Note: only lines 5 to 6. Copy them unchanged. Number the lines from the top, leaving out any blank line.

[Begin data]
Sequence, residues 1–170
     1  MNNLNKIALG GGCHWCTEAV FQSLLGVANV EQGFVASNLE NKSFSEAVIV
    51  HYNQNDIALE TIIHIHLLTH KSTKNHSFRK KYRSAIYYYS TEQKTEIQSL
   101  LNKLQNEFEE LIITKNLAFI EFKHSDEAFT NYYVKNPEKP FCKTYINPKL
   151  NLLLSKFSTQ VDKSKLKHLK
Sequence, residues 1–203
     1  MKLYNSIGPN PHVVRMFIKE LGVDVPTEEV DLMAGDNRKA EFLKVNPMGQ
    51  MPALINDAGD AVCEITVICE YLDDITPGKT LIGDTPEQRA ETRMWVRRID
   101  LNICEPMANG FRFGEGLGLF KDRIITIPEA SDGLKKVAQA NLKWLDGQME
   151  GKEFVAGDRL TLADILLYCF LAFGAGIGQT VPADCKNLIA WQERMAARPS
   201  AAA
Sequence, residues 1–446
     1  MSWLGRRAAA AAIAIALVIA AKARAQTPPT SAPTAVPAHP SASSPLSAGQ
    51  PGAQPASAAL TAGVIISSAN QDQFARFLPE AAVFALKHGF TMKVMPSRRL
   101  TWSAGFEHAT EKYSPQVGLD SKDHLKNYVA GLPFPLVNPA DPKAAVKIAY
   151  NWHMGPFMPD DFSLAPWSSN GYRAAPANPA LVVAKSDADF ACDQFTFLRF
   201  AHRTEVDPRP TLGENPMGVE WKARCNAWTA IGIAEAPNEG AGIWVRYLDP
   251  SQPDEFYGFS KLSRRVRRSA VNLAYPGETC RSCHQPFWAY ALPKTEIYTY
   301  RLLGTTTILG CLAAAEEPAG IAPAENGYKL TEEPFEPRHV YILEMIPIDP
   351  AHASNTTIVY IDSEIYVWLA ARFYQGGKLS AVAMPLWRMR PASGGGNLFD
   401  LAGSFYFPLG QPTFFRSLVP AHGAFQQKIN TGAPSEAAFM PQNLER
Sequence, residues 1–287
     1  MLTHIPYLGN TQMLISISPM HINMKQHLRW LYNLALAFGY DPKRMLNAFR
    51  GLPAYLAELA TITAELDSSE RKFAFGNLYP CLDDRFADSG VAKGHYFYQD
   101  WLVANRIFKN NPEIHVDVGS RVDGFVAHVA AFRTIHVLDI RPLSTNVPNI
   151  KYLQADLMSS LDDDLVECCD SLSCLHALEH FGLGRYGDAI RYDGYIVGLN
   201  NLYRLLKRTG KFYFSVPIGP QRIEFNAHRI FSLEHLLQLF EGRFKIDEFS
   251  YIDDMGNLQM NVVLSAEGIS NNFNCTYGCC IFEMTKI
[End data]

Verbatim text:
   151  NLLLSKFSTQ VDKSKLKHLK
Sequence, residues 1–203